December 3rd, 2018 E-Learning

Wondering how to use the flipped classroom effectively for your blended classroom?

The traditional classroom structure has teachers delivering lectures during class time, and learners working on problem sets at home. However, online classes offer instructors a way to reverse that scenario by delivering class lecture content over the Internet, and using class time to work more directly with learners.

Flipped classrooms have many demonstrable benefits for learners. For one, learners are less likely to become frustrated when watching videos at home. If there is a significant point of confusion, they have an opportunity to discuss it directly with their teachers in class.

This allows teachers to provide instant feedback to learners, and spend more time addressing problem concepts than delivering overview lectures. Since most problems arise as learners start translating theory to practice, a flipped classroom is a more optimal use of learner time.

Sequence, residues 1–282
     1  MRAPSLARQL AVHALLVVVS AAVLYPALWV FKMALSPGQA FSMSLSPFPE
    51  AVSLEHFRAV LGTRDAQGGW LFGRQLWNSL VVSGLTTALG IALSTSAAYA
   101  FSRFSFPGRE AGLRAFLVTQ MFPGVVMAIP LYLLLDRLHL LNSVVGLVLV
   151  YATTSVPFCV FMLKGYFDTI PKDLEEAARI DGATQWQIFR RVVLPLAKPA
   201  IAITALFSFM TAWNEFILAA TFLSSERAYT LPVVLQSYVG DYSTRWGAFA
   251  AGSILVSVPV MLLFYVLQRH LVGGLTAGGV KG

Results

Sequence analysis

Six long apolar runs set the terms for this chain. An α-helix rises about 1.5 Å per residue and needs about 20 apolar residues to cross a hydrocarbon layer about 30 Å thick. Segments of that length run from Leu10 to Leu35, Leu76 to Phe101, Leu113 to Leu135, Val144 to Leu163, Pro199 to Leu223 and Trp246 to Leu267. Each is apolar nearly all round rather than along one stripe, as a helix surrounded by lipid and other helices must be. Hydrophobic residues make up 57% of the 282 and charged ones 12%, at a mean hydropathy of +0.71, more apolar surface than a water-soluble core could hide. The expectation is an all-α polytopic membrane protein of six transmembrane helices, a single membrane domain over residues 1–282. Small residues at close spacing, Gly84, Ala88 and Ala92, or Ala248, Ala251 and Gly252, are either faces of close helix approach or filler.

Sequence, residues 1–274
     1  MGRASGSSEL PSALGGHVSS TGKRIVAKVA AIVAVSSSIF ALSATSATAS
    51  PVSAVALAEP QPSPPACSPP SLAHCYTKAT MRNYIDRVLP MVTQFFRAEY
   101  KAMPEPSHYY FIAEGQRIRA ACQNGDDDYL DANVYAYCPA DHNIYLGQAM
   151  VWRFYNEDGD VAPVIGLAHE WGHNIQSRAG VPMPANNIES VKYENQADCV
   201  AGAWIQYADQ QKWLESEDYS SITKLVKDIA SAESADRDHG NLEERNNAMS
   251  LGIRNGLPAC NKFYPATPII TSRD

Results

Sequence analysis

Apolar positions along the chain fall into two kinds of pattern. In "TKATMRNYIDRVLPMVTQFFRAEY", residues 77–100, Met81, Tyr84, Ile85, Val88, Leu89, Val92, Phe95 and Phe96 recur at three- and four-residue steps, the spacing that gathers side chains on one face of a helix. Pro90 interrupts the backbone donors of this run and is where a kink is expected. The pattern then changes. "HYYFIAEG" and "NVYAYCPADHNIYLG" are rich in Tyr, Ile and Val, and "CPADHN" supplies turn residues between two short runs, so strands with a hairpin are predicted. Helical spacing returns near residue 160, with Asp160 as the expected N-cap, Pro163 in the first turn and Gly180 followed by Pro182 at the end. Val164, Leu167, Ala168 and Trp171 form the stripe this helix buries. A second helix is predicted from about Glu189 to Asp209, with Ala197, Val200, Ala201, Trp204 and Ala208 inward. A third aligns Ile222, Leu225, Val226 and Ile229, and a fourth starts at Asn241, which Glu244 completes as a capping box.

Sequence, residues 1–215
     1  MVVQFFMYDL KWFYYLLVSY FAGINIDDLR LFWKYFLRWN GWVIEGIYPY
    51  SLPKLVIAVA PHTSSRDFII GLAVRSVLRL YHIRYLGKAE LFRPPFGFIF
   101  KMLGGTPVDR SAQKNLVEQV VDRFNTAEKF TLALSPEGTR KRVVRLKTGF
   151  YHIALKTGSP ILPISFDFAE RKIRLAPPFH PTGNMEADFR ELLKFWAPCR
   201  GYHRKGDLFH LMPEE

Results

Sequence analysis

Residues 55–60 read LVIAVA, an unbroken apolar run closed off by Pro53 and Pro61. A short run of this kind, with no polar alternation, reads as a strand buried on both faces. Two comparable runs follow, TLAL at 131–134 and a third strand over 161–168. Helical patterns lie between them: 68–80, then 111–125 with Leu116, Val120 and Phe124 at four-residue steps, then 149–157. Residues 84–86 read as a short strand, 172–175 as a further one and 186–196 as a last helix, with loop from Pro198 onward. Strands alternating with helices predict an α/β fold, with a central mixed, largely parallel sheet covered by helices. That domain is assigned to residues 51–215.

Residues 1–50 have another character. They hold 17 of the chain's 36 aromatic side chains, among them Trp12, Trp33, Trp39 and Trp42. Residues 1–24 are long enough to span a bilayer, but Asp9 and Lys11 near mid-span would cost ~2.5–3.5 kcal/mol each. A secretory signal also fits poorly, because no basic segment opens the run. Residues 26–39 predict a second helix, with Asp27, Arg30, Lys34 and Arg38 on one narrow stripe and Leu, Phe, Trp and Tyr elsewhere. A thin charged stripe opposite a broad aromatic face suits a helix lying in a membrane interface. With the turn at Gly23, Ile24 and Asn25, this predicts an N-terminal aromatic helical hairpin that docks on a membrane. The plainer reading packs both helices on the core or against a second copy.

If you’re looking for different ways to put flipped classrooms into practice, here are eight ways to make use of your class time.

1. Problem sets.

“Learn by doing” is a phrase that applies especially well to adult learners. Covering a concept in theory helps learners find their bearings, but most don’t understand a lesson until they put it in practice. For many subjects, problem sets are a primary way to give learners the experience they need after the lesson material has been covered by lecture.